The Independent Voice of Southern Methodist University Since 1915

The Daily Campus

The Daily Campus

The Independent Voice of Southern Methodist University Since 1915

The Daily Campus

The Independent Voice of Southern Methodist University Since 1915

The Daily Campus

SMU professor Susanne Scholz in the West Bank in 2018.
SMU professor to return to campus after being trapped in Gaza for 12 years
Sara Hummadi, Video Editor • May 18, 2024
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Americans should not forget the suffering of other cultures in world today

By Brandon Mcglone

Not everyone is able to pursue education, not everyone is able to drink clean water, and not everyone can sleep safely at night. Here at SMU, it can be easy to forget the inequalities that abound across the globe for those less fortunate than us. As a student of Human Rights, I awoke to this unsettling revelation abruptly, and have never been able to view the world in the same way.

Every human has inalienable rights, and though the Founding Fathers of the United States documented this truth hundreds of years ago, it is a concept that has yet to pervade throughout humanity. Stubborn cultural barriers inhibit the propagation of human rights, and as a society with something invariably good to offer, it presents a difficult challenge: to spread human rights without belittling others’ different cultures.

Relative to other nations, the United States is young. We are a democratic-republic because prior to 1776, there was no established precedence determining social order. It was a group of rebels who rejected British rule and began to think independently, and it was this sense of freedom that provided the environment for the Declaration of Independence and the Constitution to be created. We must consider this in the application of human rights globally, because the thing we take most for granted here – liberty – literally could be a foreign concept to others.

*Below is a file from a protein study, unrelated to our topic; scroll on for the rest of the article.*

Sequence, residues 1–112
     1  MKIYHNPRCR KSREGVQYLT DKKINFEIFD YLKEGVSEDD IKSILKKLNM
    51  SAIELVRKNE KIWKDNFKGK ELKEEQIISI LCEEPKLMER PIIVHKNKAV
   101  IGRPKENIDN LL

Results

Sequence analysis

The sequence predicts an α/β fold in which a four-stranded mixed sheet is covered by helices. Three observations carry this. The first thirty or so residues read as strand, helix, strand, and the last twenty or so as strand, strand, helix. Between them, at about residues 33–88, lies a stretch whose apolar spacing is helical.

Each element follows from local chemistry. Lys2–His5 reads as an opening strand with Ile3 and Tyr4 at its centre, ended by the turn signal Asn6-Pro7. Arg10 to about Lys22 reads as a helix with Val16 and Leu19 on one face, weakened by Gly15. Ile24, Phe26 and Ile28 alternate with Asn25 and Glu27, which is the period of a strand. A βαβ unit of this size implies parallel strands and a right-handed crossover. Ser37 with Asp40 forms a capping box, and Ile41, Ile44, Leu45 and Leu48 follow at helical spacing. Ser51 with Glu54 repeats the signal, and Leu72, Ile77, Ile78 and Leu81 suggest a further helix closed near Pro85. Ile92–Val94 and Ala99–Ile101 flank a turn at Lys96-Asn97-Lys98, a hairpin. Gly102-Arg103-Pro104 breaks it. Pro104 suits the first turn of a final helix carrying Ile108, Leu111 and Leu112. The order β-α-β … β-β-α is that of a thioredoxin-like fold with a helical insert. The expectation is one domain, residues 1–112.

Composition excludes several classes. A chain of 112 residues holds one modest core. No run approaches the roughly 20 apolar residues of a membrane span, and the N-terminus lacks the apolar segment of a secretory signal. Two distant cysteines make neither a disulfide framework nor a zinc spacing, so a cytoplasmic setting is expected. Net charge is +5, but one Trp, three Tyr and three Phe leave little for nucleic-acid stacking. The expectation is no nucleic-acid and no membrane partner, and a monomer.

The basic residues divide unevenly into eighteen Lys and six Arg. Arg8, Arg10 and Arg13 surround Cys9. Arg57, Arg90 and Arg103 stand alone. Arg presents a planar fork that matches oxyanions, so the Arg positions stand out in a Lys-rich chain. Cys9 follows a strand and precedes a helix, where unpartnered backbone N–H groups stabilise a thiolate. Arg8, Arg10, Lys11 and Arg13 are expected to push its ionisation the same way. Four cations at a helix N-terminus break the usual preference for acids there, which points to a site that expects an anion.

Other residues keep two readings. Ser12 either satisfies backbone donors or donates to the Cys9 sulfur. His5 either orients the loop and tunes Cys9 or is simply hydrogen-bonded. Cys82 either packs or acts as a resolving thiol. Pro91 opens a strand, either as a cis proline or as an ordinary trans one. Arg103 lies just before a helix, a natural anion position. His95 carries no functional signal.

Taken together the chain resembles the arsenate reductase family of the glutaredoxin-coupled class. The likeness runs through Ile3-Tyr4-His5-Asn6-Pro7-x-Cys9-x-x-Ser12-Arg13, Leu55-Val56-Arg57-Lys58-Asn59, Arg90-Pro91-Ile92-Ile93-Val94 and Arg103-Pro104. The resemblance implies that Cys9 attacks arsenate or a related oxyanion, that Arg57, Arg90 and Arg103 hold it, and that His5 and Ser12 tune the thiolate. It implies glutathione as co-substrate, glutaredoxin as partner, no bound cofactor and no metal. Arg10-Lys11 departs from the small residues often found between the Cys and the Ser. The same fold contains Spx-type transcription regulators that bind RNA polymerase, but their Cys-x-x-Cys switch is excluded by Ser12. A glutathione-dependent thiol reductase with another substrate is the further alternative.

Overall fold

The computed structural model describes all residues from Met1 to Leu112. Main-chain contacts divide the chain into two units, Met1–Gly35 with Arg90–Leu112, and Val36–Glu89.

Women, for example, are one the world’s largest untapped sources of unscripted potential. Societies tend to create oppressive social structures that make it grueling and potentially dangerous for women to stand up for themselves. Here in the United States, it was only under the Civil Rights Movement that women found a way to voice their grievances within the misogynistic system they faced. The reason women have to fight to be heard in many places is because of outdated social and cultural traditions that serve more harm than good (e.g. Female Genital Mutilation, or FGM is one of the horrific traditions causing innumerable suffering to over a hundred million women worldwide). Unfortunately, in places where FGM is prevalent, many girls and women are too inebriated by fear and obedience to make a stand for justice.

Despite that such oppressive practices seem obviously flawed to many of us, for others it is a deeply engrained aspect of their society, and very much so a way of life. How to introduce human rights into such places is a problem that the world has not yet faced head-on. What we must understand is the longer this suffering continues unaddressed, the roots of such harmful traditions grow stronger.

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